You probably realize there are a lot of arrangements to make after a loved one passes, but one common task that people forget about is the obituary.
The obituary is something that will live on forever memorializing the life of your loved one. Today, obituaries are even searchable online. With that in mind, it’s no surprise people feel anxiety at the thought of having to write an obituary. It’s a big responsibility that people take seriously.
If you find yourself in that position, try to not let the anxiety get the best of you. An obituary can actually help you reduce stress by helping you communicate with numerous people at once. With the tips below writing an obituary will be easier than you imagined and maybe even a little therapeutic.
What to Include in an Obituary
The first challenge is understanding what should and shouldn’t be included in an obituary. There are no rules that must be followed, however, there are some standard best practices. Here’s a quick rundown of what’s typically included in an obituary:
- The deceased’s full name and age.
- Acknowledgement of the person’s passing. (You don’t have to provide the details surrounding their death, but the obituary should first note that the individual passed.)
- Date of the death.
- Where the deceased resided, died, was born and grew up.
- Big life, education and work accomplishments.
- Military service and honors.
- Hobbies and interests.
- Church membership.
- Names of surviving family members.
- Information on donations for memorial or funeral services.
- Time and location for services.
You may also want to include a photo or two that will be published alongside the obituary.
What Not to Include in an Obituary
Unfortunately, there are unscrupulous people who use obituaries for their own gain. Identity thieves can use the information they find in obituaries to commit fraud, and burglars may be looking for an easy target.
There are two pieces of information you never want to include in an obituary. The first is the date of birth for the deceased. That paired with the name can be used by identity thieves. You also don’t want to include your loved one’s actual address, especially if the house is vacant. Even if it is occupied, burglars know the house would be empty during the hours of the funeral service.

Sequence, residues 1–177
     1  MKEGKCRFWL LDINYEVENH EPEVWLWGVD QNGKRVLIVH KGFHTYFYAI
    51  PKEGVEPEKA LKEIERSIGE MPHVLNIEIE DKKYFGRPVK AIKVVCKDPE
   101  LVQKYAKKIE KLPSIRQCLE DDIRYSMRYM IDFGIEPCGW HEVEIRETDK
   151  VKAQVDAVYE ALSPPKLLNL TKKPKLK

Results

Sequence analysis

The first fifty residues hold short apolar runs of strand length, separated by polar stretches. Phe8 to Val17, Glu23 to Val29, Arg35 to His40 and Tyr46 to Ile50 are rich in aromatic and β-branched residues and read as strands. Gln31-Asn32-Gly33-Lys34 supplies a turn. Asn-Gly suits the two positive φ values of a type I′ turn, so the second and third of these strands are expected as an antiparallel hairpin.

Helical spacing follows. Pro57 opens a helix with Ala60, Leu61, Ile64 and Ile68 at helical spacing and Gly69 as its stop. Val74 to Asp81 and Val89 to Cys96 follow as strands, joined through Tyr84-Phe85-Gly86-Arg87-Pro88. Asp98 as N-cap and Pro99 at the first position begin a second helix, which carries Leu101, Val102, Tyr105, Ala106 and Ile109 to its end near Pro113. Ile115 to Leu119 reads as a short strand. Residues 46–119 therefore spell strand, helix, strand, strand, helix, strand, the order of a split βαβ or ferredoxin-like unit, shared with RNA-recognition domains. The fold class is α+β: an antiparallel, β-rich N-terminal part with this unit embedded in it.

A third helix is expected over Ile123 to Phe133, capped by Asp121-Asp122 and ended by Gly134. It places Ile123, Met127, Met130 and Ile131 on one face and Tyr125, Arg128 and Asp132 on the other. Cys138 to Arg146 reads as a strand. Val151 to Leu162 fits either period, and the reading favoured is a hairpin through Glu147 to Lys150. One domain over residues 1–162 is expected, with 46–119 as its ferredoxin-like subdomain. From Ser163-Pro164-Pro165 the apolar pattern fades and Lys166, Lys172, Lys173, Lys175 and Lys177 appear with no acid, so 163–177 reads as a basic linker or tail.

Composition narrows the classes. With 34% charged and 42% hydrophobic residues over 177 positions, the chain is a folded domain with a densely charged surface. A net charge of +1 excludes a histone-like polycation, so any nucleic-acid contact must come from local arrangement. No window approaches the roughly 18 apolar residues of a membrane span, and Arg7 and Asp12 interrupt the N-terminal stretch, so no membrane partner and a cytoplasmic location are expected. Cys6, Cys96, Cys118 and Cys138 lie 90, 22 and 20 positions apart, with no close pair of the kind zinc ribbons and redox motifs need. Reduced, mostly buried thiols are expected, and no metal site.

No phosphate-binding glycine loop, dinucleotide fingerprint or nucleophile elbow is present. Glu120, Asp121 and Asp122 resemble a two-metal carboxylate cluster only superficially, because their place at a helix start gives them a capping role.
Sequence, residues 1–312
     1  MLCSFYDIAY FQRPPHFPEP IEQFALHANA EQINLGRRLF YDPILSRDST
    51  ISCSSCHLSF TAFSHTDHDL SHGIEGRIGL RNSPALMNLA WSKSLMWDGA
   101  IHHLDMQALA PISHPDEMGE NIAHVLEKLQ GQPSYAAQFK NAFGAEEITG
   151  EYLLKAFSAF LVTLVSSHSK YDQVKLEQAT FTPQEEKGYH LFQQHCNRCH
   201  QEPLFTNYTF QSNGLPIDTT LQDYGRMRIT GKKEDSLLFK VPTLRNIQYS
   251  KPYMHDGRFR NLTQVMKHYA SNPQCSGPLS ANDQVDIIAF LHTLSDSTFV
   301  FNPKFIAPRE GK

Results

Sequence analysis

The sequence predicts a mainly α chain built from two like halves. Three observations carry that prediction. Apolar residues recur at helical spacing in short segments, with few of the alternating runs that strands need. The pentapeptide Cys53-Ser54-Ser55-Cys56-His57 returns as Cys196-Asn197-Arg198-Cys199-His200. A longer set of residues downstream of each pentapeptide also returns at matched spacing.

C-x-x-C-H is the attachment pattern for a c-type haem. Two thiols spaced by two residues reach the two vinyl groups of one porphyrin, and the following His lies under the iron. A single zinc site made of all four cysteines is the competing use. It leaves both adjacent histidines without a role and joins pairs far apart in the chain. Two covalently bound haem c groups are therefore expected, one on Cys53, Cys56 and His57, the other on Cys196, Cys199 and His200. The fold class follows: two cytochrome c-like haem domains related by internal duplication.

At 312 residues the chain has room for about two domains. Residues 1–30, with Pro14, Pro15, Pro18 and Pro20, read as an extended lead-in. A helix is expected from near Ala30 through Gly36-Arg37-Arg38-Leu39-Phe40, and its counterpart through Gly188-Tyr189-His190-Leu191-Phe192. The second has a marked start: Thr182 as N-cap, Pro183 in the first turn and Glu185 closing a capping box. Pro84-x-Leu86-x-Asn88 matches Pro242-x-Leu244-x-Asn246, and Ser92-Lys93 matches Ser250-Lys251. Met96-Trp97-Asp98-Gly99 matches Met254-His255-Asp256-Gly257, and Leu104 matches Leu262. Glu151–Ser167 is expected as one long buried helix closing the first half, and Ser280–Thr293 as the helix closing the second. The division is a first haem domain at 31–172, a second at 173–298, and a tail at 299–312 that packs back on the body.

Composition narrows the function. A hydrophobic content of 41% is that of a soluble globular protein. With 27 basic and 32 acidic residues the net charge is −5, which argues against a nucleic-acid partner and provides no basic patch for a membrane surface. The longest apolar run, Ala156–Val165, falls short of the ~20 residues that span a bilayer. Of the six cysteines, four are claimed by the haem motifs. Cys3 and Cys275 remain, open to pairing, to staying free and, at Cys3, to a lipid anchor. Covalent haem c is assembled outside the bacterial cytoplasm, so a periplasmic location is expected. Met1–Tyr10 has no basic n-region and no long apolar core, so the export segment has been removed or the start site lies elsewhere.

The Details Are Up to You
You can provide as many or as few details as you want in the obituary. Some people choose to keep the obituary brief if publications charge by line or word, and others simply want to keep the details to themselves. However, it is best to provide the funeral service details so fewer people ask you directly for the information.
The Tone is Up to You
Obituaries don’t have to be somber, serious or sad. They can be happy, funny and celebratory. Before choosing which tone to take it could help to think about your loved one and how they would have written their obituary. Just be careful to keep the obituary respectful if you do use a lighter tone.
Write About What You Want Others to Remember
The most important reason to write an obituary is it captures the essence of your loved one’s life. What is it that you want your loved one to be remembered for? No matter what tone you take or the details you provide, readers should be left with a sense of who your loved one was and what made them special.
Get Help From the Funeral Home
If you plan to have services at a funeral home the director can help you with the details and getting the obituary published. The funeral home can provide information on the times and locations of services. They should also be familiar with who to contact to get the obituary published in the local newspaper and news websites.